Transmission, Distribution, & Refining
Coiled Tubing Deployed Hard Rock Thermal Spallation Cavity Maker

FWP-02FE15

Goal: The goal is to develop alternatives for natural gas storage in market areas where conventional storage options may be technically unfeasible.

Objectives: The objective is to develop a prototype drilling and cavity formation system for the rapid development and commercialization of deep, natural gas storage cavities in hard rock.

Coiled-tubing deployed spallation drill concept

Performer:
Los Alamos National Laboratory (LANL) – Project management and design engineering
New Mexico Institute of Mining and Technology (NM Tech)y – Equipment design, fabrication and testing

Accomplishments:

  • Reviewed and summarized earlier work on spallation,
  • Developed a flame-jet burner design concept,
  • Developed a reeled drill stem design concept based on off-the-shelf coiled tubing, with a manifold to conduct air, cooling water, fuel and telemetry cable into the reel end of coiled tubing while maintaining a separation of air and fuel,
  • Performed preliminary calculations to model system performance,
  • Demonstrated preliminary prototype burners,
  • Performed spallation tests on rock samples using a prototype burner,
  • Began coding of a program designed to control fuel/air mixture during ignition and operation,
  • Designed and procured a coiled-tubing drill stem that incorporates multiple internal conduits, and
  • Conducted tests to determine the feasibility of generating ignition sparks downhole using conventional spark plugs.
The approach is to adapt present spallation technology to use coiled-tubing deployed drilling equipment to produce large cavities at the bottom of deep vertical bores in a hard rock formation.

Thermal spallation drilling also called flame-jet drilling, is a method of creating holes and cavities in some hard rocks that are expensive to drill using traditional mechanical (rotary and percussion) drilling methods. A hydrocarbon fuel and air are burned in a flame-jet burner to produce a high velocity exhaust that is applied to the rock surface on the bottom of the hole. The rapid heating of the rock creates a large thermal gradient, which in turn produces high compressive stresses on the surface of the exposed rock, leading to surface layer buckling wherever rock flaws in the near surface material provide a nucleation point for the creation of free surface.

Commercial application of thermal spallation of hard rock has been limited to shallow drilling for blast holes in surface mining and for quarrying. Several efforts to develop a deep drilling capability based on thermal spallation demonstrated technical feasibility but failed to produce commercial interest. Challenges included the following: (1) many rock materials do not spall readily, (2) system designs required conduits for fuel, air, cooling water and an electric power cable to energize a downhole igniter system, as well as a return flow stream of exhaust, steam, and rock spalls, (4) early demonstrations were plagued by flameouts while drilling in addition to interruptions caused by drill stem connections required to extend the reach of the drill, and (5) the specific energy required to produce hole volume is between one and two orders of magnitude greater for thermal spallation than for either rotary or percussion drilling. Nonetheless, spallation might be the only option for producing cavities in hard rock in areas where gas storage is needed but conventional storage reservoirs are unavailable.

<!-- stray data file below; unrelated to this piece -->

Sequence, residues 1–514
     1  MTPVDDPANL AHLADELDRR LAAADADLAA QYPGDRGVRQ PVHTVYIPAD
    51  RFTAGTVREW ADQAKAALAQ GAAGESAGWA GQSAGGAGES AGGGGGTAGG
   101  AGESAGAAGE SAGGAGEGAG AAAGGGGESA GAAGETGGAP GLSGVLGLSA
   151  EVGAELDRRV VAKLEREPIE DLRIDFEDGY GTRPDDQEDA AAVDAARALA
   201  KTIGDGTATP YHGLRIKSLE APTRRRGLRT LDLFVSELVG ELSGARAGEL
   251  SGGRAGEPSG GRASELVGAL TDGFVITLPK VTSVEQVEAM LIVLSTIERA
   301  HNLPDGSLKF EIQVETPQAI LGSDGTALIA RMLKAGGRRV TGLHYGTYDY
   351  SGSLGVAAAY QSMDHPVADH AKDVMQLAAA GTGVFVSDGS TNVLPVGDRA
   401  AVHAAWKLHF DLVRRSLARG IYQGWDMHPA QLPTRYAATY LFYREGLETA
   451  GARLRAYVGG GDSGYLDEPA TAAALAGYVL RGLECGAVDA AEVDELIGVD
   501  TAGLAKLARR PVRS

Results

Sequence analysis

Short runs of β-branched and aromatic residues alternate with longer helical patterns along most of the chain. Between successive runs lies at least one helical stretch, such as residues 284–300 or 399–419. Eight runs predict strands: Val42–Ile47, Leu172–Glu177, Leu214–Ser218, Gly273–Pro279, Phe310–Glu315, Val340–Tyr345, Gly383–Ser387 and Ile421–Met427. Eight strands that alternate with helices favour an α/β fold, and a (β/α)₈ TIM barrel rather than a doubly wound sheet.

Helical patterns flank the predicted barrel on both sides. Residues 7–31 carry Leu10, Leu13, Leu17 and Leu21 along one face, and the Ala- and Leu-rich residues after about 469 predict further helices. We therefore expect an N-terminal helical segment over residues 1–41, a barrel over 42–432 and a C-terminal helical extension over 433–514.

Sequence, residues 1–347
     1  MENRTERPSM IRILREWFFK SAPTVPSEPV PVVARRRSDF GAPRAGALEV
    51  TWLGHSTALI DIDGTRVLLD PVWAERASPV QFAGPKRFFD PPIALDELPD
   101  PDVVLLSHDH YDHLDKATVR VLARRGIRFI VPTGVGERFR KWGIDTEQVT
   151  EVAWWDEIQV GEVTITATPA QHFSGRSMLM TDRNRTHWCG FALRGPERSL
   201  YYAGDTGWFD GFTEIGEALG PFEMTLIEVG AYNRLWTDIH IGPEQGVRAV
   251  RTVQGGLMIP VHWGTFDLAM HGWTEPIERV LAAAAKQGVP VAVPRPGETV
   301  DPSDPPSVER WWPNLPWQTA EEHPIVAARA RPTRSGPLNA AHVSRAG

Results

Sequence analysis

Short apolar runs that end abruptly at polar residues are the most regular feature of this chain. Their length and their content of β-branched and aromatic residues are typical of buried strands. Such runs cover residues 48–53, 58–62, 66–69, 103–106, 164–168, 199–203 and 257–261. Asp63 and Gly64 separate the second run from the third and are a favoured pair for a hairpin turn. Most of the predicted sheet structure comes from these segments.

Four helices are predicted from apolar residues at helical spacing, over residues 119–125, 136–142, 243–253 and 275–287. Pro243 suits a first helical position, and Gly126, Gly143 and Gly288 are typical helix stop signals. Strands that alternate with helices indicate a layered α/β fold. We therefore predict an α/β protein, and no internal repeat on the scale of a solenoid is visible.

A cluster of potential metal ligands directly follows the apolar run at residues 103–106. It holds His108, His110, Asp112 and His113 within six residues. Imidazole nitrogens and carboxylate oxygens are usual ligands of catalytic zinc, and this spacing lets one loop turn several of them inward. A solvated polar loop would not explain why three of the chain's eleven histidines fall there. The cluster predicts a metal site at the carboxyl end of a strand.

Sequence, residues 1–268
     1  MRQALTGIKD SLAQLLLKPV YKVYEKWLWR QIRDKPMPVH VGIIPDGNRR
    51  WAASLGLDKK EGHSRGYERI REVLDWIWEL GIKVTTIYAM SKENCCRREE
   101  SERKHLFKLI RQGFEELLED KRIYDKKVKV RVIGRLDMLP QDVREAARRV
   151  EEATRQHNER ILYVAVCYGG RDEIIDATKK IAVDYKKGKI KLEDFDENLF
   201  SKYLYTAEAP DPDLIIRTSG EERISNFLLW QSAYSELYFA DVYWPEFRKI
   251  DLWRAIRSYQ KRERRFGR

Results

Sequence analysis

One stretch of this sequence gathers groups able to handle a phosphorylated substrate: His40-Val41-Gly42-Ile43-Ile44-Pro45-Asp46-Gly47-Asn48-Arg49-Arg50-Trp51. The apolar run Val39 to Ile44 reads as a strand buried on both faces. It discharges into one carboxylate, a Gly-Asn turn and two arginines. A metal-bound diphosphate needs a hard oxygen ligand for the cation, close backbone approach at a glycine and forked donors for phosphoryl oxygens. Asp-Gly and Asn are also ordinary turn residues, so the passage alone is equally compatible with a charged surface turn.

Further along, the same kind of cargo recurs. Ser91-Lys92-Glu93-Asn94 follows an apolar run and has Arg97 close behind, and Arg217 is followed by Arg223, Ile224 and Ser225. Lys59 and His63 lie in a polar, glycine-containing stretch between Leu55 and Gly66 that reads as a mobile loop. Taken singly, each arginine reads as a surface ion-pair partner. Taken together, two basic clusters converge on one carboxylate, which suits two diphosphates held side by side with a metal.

The major thrust of this project was to adapt a flame-jet burner assembly to operate on the bottom of a coiled tubing drill string to produce a practical deep-hole spallation drill and cavity former. A reeled tubing drill stem will allow the flame-jet drilling system to operate continuously until the drill reaches total design depth or the cavity chamber is completed.

The critical elements of the prototype needed for a pre-commercial demonstration include:

  • A flame-jet burner assembly,
  • A burner supply and control system that automatically supplies fuel air and cooling water to the burner assembly,
  • A coil tubing connector that mates the downhole burner (including the supply and control functions) assembly to the coiled-tubing drill stem,
  • A reeled drill stem with internal utilities that provides an uninterrupted supply of fuel, air, and coiling water to the burner, and a cable with telemetry and electric power conductors needed to support downhole sensors, controllers, and a downhole flame igniter.
Early prototypes of design concepts for each of these elements have been fabricated and preliminary tests have been conducted. A working system capable of excavating a hole has not yet been demonstrated.

Current Status (June 2005):
This project was funded under the National Lab Partnership Program for Oil & Gas Technologies. NETL support for this project ended at the conclusion of the Phase I work plan when the DOE terminated Oil & Gas Partnership funding. An interim report detailing the Phase I results is available below under "Additional Information".

Project Start: September 1, 2002
Project End: June 30, 2005

Anticipated DOE Contribution: $350,000
Performer Contribution: $0

Contact Information:
NETL – Gary Sames (gary.sames@netl.doe.gov or 412-386-5067)
LANL – Donald Dreesen (dreesen@lanl.gov or 505-667- 1913)

Additional Information 
Phase 1 Final Report [PDF-1.115MB]